Experts have now been chosen for one of the hottest committee assignments in Oregon.
A select group of doctors, social workers and fungi experts will now spend the next couple of years creating Oregon’s new psilocybin-assisted therapy program.
When voters passed Measure 109 – to allow the active ingredient of hallucinogenic mushrooms to be used in therapy – they gave the state two years to develop a program.
The new board will be charged with following science to create Oregon’s regulatory framework for psilocybin. Clinical studies, including research from Johns Hopkins University, UCLA and NYU, have shown promising results using such treatment methods for people suffering from anxiety, depression and PTSD.
“Like many, I was initially skeptical when I first heard of Measure 109,” said Oregon Gov. Kate Brown. “But if we can help people suffering from PTSD, depression, trauma and addiction –– including veterans, cancer patients, and others –– supervised psilocybin therapy is a treatment worthy of further consideration.”
“I have directed the board to take steps to ensure equitable access to this therapy for anyone who might benefit from treatment, including Oregon’s Black, Indigenous, Tribal and communities of color.”
The state received committee applications from as far afield as Geneva and New Zealand, but only Oregonians were chosen.
Members are now poised to create a program that could take the medical field by storm — if psilocybin therapy proves effective.
One of the scientists chosen for the board is Dr. Atheir Abbas, assistant professor of behavioral neuroscience and psychiatry in the OHSU School of Medicine.
“I am proud that Oregon continues to be a leader in evidence-based approaches to help improve the health and well-being of its communities, and look forward to working with the other highly-qualified members of the Board to ensure that science guides our implementation of Measure 109,” said Abbas.
“Measure 109, and the appointment of the Psilocybin Advisory Board, represent a unique opportunity to carefully evaluate the therapeutic role of psilocybin in clinical practice,” said board member Dr. Todd Korthuis, professor of medicine in the OHSU School of Medicine. “Much like myself, healthcare providers and researchers worldwide are eager for the answers this Board can provide to help develop a framework for more accessible and effective therapies to treat serious illness.”
Dr. Jessie Uehling, PhD, an assistant professor of fungal biology in the Department of Botany and Plant Pathology at Oregon State University, was chosen for her knowledge of mushrooms. “My expertise in fungal diversity and biology research will aide in developing best practices to monitor, evaluate and quantify the psilocybin and mushroom production industries over time,” said Uehling.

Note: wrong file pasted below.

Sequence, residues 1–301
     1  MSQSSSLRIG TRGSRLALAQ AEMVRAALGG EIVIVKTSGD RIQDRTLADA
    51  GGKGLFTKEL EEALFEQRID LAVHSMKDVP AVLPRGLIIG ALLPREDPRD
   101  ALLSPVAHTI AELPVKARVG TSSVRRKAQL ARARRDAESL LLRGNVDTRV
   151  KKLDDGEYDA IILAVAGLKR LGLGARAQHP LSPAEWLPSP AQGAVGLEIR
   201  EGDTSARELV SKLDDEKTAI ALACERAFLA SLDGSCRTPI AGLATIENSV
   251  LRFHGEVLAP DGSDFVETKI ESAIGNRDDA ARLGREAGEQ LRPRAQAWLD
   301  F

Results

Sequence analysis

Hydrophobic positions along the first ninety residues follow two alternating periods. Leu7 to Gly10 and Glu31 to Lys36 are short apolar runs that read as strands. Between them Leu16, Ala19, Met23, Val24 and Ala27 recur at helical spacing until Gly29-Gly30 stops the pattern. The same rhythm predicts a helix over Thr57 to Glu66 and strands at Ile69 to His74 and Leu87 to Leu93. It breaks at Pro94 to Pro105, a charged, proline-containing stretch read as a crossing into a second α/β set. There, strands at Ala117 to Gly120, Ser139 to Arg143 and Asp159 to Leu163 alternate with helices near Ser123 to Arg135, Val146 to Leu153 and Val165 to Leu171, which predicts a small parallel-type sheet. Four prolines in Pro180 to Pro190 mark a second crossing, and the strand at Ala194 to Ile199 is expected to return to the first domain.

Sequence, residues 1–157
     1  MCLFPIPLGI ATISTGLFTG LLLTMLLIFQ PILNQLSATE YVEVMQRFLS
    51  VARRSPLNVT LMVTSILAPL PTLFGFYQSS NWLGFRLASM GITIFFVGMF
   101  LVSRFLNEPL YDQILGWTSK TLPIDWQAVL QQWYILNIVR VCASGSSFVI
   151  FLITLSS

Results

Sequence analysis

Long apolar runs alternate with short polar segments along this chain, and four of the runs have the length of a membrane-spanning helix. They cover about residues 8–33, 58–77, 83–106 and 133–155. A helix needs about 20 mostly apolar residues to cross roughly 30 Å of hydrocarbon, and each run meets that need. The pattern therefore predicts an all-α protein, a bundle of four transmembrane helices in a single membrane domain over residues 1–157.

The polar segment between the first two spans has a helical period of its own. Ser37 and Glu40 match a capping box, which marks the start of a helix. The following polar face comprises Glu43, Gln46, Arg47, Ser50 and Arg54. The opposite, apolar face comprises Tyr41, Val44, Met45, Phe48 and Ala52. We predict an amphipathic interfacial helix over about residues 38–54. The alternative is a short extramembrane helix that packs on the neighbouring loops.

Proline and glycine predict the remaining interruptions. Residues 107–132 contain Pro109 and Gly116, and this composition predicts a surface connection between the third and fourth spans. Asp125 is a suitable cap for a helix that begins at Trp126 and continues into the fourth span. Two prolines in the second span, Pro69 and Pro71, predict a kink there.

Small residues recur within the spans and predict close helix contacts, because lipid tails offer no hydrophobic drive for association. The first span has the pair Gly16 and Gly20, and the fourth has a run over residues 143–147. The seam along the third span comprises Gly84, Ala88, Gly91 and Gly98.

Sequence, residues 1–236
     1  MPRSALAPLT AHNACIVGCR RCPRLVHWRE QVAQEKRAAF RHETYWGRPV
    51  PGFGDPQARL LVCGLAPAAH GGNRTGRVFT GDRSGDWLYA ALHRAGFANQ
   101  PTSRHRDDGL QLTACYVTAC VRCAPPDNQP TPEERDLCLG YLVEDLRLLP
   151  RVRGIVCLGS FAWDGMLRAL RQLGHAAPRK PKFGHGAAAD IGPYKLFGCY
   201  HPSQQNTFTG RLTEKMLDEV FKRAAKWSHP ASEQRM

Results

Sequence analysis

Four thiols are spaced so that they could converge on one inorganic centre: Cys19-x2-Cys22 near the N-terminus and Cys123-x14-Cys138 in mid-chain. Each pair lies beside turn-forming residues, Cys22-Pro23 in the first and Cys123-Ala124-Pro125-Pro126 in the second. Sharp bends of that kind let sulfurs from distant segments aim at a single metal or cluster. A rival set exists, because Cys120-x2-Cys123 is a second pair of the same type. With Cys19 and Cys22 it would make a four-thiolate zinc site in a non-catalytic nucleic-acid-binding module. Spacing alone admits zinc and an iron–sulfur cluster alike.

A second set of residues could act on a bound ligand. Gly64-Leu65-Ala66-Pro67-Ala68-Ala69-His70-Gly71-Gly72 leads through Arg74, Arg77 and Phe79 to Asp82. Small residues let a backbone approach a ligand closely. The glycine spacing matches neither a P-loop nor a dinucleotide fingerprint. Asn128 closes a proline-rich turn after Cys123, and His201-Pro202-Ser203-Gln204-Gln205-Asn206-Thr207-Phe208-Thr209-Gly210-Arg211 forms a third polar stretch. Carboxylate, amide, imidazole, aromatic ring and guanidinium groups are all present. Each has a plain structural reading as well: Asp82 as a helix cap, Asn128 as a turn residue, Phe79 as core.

Barb Hansen, the CEO of the Oregon Hospice and Palliative Care Association, will also serve on the committee. “Each year over 22,000 Oregonians receive hospice care, and while we have many tools to address the physical pain that comes with terminal diagnoses, we lack tools to address the severe mental anguish so many of these Oregonians face,” she said.
“Studies show psilocybin therapy may help, and that means it’s essential that everyone receiving Hospice and Palliative Care is represented when the Psilocybin Advisory Board considers research, rules and safety considerations.”
Another committee member is Dr. Rachel Knox, co-founder for the Cannabis Health Equity Movement, “For decades Black, Indigenous, and Latinx people in Oregon and the United States have suffered disproportionate psychological trauma as a result of the ‘War on Drugs,’” she said.
“There is a real danger that, if lawmakers and regulators do not center Oregon’s psilocybin regulatory framework in health equity — from treatment access to leadership and representation to economic opportunity to education to harm reduction –– that Indigenous people and communities of color will not have equitable access to its therapeutic benefits.”
The chief petitioner of Measure 109, Tom Eckert, will also serve on the board.
The Psilocybin Advisory Board will meet by March 31. The Governor’s recommended budget for 2021-23 contains $5.6 million for Measure 109 implementation, but that amount still requires approval from lawmakers.